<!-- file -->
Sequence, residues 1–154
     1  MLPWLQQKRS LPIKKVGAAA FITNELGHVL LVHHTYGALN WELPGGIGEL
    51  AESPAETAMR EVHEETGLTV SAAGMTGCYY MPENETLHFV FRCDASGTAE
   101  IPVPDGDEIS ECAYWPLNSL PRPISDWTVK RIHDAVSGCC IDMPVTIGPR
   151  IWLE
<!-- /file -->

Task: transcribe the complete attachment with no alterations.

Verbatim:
Sequence, residues 1–154
     1  MLPWLQQKRS LPIKKVGAAA FITNELGHVL LVHHTYGALN WELPGGIGEL
    51  AESPAETAMR EVHEETGLTV SAAGMTGCYY MPENETLHFV FRCDASGTAE
   101  IPVPDGDEIS ECAYWPLNSL PRPISDWTVK RIHDAVSGCC IDMPVTIGPR
   151  IWLE